… Boards have 14 days to respondTHE outfields at Kingsmead and Queen’s Park Oval have been rated poor by the ICC match referees who oversaw the washed-out Tests between South Africa and New Zealand in Durban, and West Indies and India in Trinidad.The ICC said the officials – Andy Pycroft in Durban and Ranjan Madugalle in Trinidad – had expressed concerns in accordance with clause three of the Pitch and Outfield Monitoring Process. The match referees’ reports have been forwarded to the concerned home boards, the WICB and Cricket South Africa, which now have 14 days to respond. CSA’s response, the ICC said, will be reviewed by ICC general manager, cricket, Geoff Allardice, while match referee David Boon will assess the WICB’s reply.Then, as per the rules, the grounds will either receive a warning or a fine not exceeding US$15 000, along with “a directive for appropriate corrective action”. A repeat offence over the next five years would draw a fine not exceeding US$30 000.In all, 11 sessions out of 15 were lost to a wet and soft outfield at Kingsmead, while in Port of Spain, West Indies and India were able to play only one session across five days.It was the first Test played in Trinidad in August, which is the wet season there, and rain had hampered preparations in the days leading up to the match but during the game itself there was largely sunshine.However, with there not being enough covers at the ground to protect the bowlers’ run-ups or the outfield, and no super sopper available either, the outfield did not recover enough to allow play. The draw meant that India, who needed to win the Test to retain their No.1 Test ranking, lost the top spot to Pakistan. The Trinidad & Tobago Cricket Board had already said it would investigate the reasons behind the washout.The Durban Test was also scheduled in what is traditionally the off-season in South Africa, during the winter. Rain forced the players off the field around lunch on day two, and the big damage was done to the outfield that night, when the ground took 65mm of water. Here, too, the covers did not protect large parts of the field, and the super sopper was made to stop operating for fear it would do further damage to the soft patches that persisted into day five despite no more rainfall.There were concerns over the Kingsmead outfield being underprepared even before the match began, as it had been relaid in June following complaints from South Africa and New Zealand that the surface was too hard during the limited-overs games played there last year.Similar comments were levelled at Centurion, the venue of the upcoming second Test, but the SuperSport Park outfield was relaid in April once the season ended; work could not get underway at Kingsmead till the Comrades Marathon – for which it is the ending point – was completed on May 29.
While the house of the player’s father, Salah Ghali, resembles others in the village, it was quieter: no-one was looking out of an open window, and no clothes hung from the house.The village has been the focus of huge media interest as Salah has risen to stardom, but family members at his house in Nagrig refused to talk to reporters “out of respect for his wishes”.– Gruelling daily journey –Salah’s journey, figuratively as well as literally, was anything but easy.“His talent clearly showed from the beginning,” said Ghamri Abdel-Hameed el-Saadani, who was the juniors coach at the Nagrig Youth Centre, where Salah started training at the age of eight.Still, Salah’s success is not just due to his talent, “it’s also a product of a will of steel, effort, and determination”, said Saadani.Share on: WhatsApp Pages: 1 2 On Wednesday his talent will be on show in the Champions League as Liverpool tackle Porto.Mohamed Abdel-Gawad, 12, gazes in admiration at the three-storey house where Salah was born and raised, which overlooks a narrow dirt road like most of the houses in the village, about 120 kilometres (75 miles) northwest of Cairo.“I hope to be like Mohamed Salah when I grow up,” Abdel-Gawad told AFP.“Mohamed Salah has become a professional player because of his ethics and humbleness.”In Nagrig as well as in Basyoun, the closest town, the youth centres were renamed after the Egyptian star.Fully aware that his success has become an inspiration for children in Egypt and Africa more widely, Salah addressed them in his acceptance speech when he won the African player of the year accolade in January, telling them: “Never stop dreaming, never stop believing.” Mohamed SalahCairo, Egypt | AFP | Deep in Egypt’s Nile Delta region, the children of Nagrig village have a clear goal in life: they want to become football stars like Mohamed Salah, Liverpool’s top scorer and Africa’s top player.Salah, who hails from their village, has been one of the sensations of the Premier League since joining Liverpool — his goal in the victory against Southampton on Sunday was his 29th of the season.Further enhancing his status as a national hero, Salah played a key role in leading Egypt to the World Cup finals in Russia later this year.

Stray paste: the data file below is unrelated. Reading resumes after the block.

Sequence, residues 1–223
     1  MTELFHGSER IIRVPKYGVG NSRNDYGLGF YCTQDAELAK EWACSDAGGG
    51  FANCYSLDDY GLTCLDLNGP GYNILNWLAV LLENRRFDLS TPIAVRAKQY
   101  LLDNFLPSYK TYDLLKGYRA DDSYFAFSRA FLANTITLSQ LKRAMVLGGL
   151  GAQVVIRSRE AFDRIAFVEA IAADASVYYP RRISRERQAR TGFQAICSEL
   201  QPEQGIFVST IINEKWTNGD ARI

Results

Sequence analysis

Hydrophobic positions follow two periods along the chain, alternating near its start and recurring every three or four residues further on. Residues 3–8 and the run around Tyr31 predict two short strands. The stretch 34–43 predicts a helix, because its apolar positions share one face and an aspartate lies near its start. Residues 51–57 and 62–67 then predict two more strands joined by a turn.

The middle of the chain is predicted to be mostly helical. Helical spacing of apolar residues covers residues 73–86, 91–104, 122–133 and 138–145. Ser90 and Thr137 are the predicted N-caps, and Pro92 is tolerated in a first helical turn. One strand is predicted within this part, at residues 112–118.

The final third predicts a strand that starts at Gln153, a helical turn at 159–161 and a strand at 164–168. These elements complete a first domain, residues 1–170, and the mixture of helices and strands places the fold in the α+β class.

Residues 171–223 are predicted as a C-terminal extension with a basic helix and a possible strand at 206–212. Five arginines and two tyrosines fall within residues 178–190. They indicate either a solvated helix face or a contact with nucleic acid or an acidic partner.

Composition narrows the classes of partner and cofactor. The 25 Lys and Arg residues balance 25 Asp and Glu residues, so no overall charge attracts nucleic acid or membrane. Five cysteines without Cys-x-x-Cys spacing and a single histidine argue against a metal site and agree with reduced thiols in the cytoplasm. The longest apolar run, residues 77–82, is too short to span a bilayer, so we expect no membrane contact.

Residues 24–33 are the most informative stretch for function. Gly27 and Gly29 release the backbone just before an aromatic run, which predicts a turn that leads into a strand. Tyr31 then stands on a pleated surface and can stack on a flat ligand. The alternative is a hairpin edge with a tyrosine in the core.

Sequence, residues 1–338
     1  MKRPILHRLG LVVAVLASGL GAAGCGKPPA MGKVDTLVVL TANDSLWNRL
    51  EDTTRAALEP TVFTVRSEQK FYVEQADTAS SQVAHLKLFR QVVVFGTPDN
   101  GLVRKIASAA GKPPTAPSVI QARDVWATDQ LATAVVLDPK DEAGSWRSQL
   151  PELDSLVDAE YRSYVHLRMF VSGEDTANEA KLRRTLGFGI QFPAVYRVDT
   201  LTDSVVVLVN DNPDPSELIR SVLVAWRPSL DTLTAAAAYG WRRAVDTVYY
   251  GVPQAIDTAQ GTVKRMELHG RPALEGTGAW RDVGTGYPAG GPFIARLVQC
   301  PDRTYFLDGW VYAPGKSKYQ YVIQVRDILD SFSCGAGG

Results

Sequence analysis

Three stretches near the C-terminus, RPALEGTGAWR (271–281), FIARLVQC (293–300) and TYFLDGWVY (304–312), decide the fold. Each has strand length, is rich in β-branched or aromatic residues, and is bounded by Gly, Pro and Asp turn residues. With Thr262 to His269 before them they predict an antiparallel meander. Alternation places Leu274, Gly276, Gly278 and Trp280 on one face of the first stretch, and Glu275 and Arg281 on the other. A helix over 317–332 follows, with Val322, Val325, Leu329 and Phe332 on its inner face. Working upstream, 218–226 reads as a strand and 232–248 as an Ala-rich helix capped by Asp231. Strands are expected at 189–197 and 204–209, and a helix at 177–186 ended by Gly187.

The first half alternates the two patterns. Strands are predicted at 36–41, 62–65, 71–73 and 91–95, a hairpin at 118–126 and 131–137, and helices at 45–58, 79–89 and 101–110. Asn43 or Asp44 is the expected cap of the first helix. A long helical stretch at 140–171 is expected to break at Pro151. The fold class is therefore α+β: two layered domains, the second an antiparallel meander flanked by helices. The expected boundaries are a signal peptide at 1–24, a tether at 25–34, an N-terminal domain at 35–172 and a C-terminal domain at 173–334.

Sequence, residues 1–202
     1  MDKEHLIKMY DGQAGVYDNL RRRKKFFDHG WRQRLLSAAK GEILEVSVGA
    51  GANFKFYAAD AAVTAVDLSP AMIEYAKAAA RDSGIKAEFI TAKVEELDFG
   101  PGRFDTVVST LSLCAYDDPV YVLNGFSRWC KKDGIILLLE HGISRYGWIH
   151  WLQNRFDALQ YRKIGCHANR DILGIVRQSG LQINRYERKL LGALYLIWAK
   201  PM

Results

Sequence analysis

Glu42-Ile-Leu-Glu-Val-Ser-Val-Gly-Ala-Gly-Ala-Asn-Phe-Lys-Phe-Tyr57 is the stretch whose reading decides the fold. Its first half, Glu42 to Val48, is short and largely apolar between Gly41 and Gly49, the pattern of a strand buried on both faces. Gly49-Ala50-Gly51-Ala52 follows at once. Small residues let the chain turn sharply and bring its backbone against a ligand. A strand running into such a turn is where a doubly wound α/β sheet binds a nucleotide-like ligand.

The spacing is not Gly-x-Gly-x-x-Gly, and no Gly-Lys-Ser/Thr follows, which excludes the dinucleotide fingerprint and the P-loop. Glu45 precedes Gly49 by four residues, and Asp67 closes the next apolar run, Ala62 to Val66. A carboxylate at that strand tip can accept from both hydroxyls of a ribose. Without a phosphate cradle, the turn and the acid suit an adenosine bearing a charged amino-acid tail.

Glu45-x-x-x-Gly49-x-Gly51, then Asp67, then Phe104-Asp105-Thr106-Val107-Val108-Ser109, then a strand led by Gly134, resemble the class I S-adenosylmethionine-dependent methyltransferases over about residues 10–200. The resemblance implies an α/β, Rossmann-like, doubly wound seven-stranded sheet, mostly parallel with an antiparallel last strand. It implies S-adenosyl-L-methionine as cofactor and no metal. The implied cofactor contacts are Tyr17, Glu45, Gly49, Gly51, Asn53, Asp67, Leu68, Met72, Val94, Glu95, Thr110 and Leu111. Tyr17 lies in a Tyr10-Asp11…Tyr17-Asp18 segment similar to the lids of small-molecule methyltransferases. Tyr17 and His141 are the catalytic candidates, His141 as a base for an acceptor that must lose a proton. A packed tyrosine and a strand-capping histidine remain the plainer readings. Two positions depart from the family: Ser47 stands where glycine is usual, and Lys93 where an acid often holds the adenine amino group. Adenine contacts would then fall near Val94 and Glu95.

Authorities in the city of Bayannur, in the Chinese region of Inner Mongolia, issued a warning on Sunday after a hospital patient, reported to be a herdsman, contracted the disease from eating marmot meat last week.There were four reported cases of plague in people in the same region last November, including two cases of the deadlier pneumonic plague.The case triggered a level-three alert Sunday in the Bayannur district. Health officials released a statement ordering residents not to hunt wild animals, such as rodents like marmots, and to report anyone with fever or showing other possible signs of infection.The infected herdsman is being treated at a hospital and is in stable condition, according to state reports. While occasional cases are still reported among hunters encountering fleas carrying the bacterium, it is unknown how the man became infected.